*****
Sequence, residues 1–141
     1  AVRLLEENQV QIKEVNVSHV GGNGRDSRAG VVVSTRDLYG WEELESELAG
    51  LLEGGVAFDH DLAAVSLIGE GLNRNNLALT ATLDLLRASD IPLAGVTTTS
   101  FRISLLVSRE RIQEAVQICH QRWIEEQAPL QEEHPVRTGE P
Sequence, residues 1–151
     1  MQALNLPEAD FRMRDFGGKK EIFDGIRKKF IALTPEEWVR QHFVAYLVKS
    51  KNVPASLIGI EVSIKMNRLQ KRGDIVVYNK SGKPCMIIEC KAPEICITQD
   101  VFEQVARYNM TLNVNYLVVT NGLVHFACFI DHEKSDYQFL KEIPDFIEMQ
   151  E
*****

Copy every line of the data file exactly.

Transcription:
Sequence, residues 1–141
     1  AVRLLEENQV QIKEVNVSHV GGNGRDSRAG VVVSTRDLYG WEELESELAG
    51  LLEGGVAFDH DLAAVSLIGE GLNRNNLALT ATLDLLRASD IPLAGVTTTS
   101  FRISLLVSRE RIQEAVQICH QRWIEEQAPL QEEHPVRTGE P
Sequence, residues 1–151
     1  MQALNLPEAD FRMRDFGGKK EIFDGIRKKF IALTPEEWVR QHFVAYLVKS
    51  KNVPASLIGI EVSIKMNRLQ KRGDIVVYNK SGKPCMIIEC KAPEICITQD
   101  VFEQVARYNM TLNVNYLVVT NGLVHFACFI DHEKSDYQFL KEIPDFIEMQ
   151  E